We’re progressing toward the next era of the internet in fits and starts. Web3 is said to offer the potential of a new, decentralised internet, controlled by participants via blockchains rather than profit-motivated corporations. But progress hasn’t been linear: one major setback has been the meltdown of the cryptocurrency market in 2022, triggered by multiple cryptocurrency failures and high-profile cases of fraud. Regulators are paying increased attention to Web3 players, and public curiosity is peaking.
But Web3 is about much more than crypto. Blockchain, smart contracts, and digital assets—the latter created via a process called tokenisation—stand to change the way we exchange ideas, information, and money. For organisations and early adopters, there is significant value on the table.
Let’s get specific: tokenisation is the process of issuing a digital representation of an asset on a (typically private) blockchain. These assets can include physical assets like real estate or art, financial assets like equities or bonds, nontangible assets like intellectual property, or even identity and data. Tokenisation can create several types of tokens. Stablecoins, a type of cryptocurrency pegged to real-world money designed to be fungible, or replicable, are one example. Another type of token is an NFT—a nonfungible token, or a token that can’t be replicated—which is a digital proof of ownership people can buy and sell.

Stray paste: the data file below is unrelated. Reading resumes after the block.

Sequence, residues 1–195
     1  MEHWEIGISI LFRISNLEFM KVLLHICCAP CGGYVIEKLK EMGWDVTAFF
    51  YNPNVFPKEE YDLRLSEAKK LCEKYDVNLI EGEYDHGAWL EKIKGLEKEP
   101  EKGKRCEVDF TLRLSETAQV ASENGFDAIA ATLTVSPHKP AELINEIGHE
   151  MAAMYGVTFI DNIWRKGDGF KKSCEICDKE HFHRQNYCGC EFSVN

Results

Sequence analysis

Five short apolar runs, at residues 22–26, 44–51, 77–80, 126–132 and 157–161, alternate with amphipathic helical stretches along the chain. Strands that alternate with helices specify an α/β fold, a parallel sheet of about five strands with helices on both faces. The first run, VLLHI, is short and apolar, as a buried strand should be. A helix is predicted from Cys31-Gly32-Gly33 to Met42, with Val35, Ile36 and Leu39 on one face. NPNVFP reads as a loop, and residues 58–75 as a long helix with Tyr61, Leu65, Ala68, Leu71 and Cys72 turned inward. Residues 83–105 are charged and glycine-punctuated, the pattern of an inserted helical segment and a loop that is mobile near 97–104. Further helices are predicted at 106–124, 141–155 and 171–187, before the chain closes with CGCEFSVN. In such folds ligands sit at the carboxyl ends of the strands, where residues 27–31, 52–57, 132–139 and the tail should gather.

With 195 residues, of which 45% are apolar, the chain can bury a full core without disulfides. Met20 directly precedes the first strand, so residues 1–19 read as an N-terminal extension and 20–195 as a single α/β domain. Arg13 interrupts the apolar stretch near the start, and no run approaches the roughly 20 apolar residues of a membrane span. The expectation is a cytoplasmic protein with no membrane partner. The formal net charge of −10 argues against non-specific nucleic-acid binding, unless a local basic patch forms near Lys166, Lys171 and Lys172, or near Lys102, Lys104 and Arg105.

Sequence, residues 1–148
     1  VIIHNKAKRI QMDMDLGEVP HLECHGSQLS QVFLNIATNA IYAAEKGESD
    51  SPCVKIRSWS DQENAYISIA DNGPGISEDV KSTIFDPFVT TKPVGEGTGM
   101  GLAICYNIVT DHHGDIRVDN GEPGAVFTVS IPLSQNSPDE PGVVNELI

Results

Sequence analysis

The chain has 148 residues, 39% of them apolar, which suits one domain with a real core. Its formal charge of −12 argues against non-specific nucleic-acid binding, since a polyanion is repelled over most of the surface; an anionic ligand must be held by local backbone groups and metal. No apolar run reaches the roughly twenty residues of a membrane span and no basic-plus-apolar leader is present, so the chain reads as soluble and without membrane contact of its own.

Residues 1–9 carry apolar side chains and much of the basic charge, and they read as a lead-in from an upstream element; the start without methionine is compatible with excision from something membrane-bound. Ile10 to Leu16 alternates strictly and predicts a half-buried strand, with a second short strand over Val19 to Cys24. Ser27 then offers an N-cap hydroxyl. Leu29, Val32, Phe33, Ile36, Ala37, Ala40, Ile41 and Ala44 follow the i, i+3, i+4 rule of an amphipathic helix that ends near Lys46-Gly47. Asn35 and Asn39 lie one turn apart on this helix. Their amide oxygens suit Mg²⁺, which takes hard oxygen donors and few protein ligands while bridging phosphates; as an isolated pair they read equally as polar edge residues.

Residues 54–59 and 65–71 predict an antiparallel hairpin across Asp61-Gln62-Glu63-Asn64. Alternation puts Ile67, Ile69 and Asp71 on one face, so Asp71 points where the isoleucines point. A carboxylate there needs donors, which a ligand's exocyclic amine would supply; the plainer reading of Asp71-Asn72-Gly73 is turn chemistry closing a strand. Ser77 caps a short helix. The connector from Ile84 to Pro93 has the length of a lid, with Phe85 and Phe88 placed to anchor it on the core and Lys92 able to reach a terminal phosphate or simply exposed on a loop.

Tokenisation is potentially a big deal. Industry experts have forecast up to $5 trillion in tokenised digital-securities trade volume by 2030.